The last thing the world needs is a hi-tech privatized Praetorian guard, international spy conglomerate headed up by a false-Christian named Erik Prince.
If Blackwater (what a revealing name) were to be given it head because the people just accept it and support it, the head of that private entity could become more powerful than any elected official on Earth and even more powerful than the top plutocrat. He would be the triumvirate rolled into one: Money, military command, and intelligence. He could command (order) the overthrow of anyone. His army would obey, because he would see to it that they were rewarded with the spoils.
By Jeremy Scahill
This article appeared in the June 23, 2008 edition of The Nation.
June 5, 2008
This past September, the secretive mercenary company Blackwater USA found its name splashed across front pages throughout the world after the company's shooters gunned down seventeen Iraqi civilians in Baghdad's Nisour Square.
In September it was revealed that Blackwater had been "tapped" by the Pentagon's Counter Narcoterrorism Technology Program Office to compete for a share of a five-year, $15 billion budget "to fight terrorists with drug-trade ties."
Such an arrangement could find Blackwater operating in an arena with the godfathers of the war industry, such as Lockheed Martin, Northrop Grumman and Raytheon. It could also see Blackwater expanding into Latin America, joining other private security companies well established in the region. The massive US security company DynCorp is already deployed in Colombia, Bolivia and other countries as part of the "war on drugs."
Throughout the decade of Blackwater's existence, its creator, Erik Prince, has aggressively built his empire into a structure paralleling the US national security apparatus.
What could prove to be one of Blackwater's most profitable and enduring enterprises is one of the company's most secretive initiatives—a move into the world of privatized intelligence services. In April 2006, Prince quietly began building Total Intelligence Solutions, which boasts that it "brings CIA-style" services to the open market for Fortune 500 companies. Among its offerings are "surveillance and countersurveillance, deployed intelligence collection, and rapid safeguarding of employees or other key assets."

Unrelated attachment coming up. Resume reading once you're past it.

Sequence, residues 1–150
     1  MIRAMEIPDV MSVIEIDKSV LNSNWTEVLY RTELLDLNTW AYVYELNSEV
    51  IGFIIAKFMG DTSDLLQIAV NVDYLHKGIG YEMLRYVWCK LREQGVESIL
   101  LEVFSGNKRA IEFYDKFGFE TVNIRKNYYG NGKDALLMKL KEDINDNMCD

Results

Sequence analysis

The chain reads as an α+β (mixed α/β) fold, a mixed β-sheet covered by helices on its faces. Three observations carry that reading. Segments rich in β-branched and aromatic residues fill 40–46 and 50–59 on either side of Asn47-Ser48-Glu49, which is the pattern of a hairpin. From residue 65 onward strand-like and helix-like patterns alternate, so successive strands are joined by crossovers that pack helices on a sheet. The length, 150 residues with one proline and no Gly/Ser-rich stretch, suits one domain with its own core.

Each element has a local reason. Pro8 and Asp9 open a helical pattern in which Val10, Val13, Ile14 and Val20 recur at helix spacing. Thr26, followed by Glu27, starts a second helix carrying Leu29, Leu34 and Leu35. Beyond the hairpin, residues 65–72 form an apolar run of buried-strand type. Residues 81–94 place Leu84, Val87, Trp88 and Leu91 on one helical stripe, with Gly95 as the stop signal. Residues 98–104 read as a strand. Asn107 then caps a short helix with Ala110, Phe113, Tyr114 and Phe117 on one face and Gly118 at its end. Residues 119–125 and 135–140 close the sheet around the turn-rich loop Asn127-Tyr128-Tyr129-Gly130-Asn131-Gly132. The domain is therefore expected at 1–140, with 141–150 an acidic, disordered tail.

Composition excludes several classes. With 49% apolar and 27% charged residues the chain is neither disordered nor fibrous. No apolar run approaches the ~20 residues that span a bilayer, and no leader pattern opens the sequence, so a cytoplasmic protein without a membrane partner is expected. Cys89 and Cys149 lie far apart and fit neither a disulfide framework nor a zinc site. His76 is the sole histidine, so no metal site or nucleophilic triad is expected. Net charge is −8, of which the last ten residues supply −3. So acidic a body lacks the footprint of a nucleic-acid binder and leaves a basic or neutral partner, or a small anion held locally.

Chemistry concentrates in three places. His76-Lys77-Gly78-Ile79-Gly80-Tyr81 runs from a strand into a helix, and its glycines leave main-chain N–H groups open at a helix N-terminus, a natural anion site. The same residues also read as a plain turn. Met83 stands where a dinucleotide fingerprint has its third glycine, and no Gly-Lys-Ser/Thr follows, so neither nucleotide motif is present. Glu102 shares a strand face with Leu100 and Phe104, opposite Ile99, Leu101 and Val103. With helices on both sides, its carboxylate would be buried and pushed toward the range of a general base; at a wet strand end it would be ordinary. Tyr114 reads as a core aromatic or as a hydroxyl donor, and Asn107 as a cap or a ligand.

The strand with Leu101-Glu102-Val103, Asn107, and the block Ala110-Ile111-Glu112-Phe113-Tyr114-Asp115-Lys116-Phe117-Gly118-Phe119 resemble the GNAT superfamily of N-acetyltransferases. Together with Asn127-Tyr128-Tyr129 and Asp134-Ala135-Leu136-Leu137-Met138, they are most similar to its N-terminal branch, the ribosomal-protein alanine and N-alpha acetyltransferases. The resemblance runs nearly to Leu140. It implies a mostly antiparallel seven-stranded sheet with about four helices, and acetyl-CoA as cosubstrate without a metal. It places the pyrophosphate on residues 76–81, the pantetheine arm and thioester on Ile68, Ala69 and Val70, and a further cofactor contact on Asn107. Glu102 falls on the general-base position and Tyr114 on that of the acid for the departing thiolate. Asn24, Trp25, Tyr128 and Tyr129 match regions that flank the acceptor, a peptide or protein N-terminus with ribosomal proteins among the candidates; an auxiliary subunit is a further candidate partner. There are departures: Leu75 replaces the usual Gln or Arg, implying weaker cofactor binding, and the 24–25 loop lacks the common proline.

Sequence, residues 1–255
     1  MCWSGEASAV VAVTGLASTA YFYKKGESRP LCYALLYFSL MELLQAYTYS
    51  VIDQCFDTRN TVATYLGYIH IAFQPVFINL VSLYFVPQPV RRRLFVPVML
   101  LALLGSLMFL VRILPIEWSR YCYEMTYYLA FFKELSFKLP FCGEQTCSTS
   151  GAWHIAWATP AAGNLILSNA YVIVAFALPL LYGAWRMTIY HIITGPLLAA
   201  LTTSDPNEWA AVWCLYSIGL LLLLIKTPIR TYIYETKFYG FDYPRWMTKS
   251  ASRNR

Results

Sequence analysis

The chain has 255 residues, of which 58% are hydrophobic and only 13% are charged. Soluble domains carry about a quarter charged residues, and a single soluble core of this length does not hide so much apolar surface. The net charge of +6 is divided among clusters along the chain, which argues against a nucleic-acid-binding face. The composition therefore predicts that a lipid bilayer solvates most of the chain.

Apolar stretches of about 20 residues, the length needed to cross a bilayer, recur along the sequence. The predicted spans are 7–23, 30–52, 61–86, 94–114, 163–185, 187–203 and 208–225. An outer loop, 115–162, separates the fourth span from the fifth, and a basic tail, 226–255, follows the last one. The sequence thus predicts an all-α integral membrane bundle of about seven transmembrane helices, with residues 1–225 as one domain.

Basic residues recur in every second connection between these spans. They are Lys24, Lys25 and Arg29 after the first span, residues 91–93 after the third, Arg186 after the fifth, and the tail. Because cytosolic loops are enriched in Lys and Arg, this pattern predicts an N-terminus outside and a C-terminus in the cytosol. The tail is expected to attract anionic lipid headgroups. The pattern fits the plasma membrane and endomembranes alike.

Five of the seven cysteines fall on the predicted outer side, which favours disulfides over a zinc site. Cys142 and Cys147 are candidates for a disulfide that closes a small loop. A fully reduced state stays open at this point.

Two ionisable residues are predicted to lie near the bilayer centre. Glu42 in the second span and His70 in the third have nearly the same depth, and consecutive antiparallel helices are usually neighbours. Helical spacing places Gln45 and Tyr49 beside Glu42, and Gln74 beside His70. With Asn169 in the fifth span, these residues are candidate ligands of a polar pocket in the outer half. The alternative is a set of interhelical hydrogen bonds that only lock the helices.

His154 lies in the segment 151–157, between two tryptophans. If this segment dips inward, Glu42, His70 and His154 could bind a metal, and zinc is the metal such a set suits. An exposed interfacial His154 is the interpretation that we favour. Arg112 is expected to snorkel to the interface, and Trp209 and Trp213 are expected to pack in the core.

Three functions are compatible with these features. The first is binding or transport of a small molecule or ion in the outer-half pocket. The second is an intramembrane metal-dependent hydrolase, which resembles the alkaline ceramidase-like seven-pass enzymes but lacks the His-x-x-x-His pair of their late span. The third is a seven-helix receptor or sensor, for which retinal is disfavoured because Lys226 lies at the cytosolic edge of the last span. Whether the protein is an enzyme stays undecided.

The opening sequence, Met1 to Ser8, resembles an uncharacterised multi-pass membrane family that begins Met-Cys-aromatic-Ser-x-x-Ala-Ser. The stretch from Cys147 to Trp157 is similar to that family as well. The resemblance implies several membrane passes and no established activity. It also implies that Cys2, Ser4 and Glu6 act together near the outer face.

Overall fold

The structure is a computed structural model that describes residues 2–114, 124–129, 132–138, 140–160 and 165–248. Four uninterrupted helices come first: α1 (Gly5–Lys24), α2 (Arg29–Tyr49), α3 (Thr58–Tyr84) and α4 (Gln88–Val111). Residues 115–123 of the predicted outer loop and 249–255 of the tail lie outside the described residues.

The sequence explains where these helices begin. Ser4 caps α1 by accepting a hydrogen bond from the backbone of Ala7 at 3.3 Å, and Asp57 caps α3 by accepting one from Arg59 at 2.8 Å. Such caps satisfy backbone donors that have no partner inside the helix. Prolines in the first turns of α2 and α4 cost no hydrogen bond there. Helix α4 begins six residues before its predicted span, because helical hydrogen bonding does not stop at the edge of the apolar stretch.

As the United States finds itself in the midst of the most radical privatization agenda in its history, few areas have seen as dramatic a transformation to privatized services as the world of intelligence. "This is the magnet now. Everything is being attracted to these private companies in terms of individuals and expertise and functions that were normally done by the intelligence community," says former CIA division chief and senior analyst Melvin Goodman. "My major concern is the lack of accountability, the lack of responsibility. The entire industry is essentially out of control. It's outrageous." [Emphasis added]
Last year R.J. Hillhouse, a blogger who investigates the clandestine world of private contractors and US intelligence, obtained documents from the office of the Directorate of National Intelligence (DNI) showing that Washington spends some $42 billion annually on private intelligence contractors, up from $17.5 billion in 2000. That means 70 percent of the US intelligence budget is going to private companies. Perhaps it is no surprise, then, that the head of DNI is Mike McConnell, the former chair of the board of the Intelligence and National Security Alliance, the private intelligence industry's trade association.
Total Intelligence is run out of an office on the ninth floor of a building in the Ballston area of Arlington, Virginia. Its "Global Fusion Center," complete with large-screen TVs broadcasting international news channels and computer stations staffed by analysts surfing the web, "operates around the clock every day of the year" and is modeled after the CIA's counterterrorist center, once run by Black. The firm employs at least sixty-five full-time staff—some estimates say it's closer to 100. "Total Intel brings the...skills traditionally honed by CIA operatives directly to the board room," Black said when the company launched.
In May, Erik Prince gave a speech in front of his family and supporters in his home state of Michigan. Security was extremely tight, and Blackwater barred cameras and tape recorders from the event. "The idea that we are a secretive facility, and nefarious, is just ridiculous," Prince told the friendly crowd of 750 gathered at the Amway Grand Plaza. ... "When you send something overseas, do you use FedEx or the postal service?" he asked.
There are serious problems with this analogy. When you send something by FedEx, you can track your package and account for its whereabouts at all times. You can have your package insured against loss or damage. That has not been the case with Blackwater. The people who foot the sizable bill for its "services" almost never know, until it is too late, what Blackwater is doing, and there are apparently no consequences for Blackwater when things go lethally wrong. "We are essentially a robust temp agency," Prince told his fans in Michigan. He's right about that one. A temp agency serving the most radical privatization agenda in history.